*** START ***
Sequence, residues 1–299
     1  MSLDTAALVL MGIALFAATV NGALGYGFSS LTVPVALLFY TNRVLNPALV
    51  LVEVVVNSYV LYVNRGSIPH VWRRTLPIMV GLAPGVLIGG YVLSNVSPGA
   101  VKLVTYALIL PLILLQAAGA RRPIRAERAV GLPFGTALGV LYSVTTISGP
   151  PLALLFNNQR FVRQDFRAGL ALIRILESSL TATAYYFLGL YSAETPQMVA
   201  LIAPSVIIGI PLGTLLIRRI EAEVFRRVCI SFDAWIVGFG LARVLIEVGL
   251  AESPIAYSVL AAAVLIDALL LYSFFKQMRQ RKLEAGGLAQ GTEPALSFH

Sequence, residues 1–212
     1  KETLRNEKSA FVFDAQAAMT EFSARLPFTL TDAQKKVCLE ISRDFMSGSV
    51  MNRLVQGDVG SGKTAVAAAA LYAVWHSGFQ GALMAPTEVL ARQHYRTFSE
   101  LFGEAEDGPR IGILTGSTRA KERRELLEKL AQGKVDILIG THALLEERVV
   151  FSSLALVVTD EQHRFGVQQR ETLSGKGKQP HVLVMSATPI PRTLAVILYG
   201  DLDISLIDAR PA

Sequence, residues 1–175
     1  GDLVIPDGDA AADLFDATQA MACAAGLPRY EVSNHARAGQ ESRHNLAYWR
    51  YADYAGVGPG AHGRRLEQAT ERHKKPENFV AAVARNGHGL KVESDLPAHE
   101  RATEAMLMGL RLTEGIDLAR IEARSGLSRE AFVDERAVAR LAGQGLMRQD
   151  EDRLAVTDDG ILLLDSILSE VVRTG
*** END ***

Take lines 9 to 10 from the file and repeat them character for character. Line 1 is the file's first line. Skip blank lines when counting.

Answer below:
     1  KETLRNEKSA FVFDAQAAMT EFSARLPFTL TDAQKKVCLE ISRDFMSGSV
    51  MNRLVQGDVG SGKTAVAAAA LYAVWHSGFQ GALMAPTEVL ARQHYRTFSE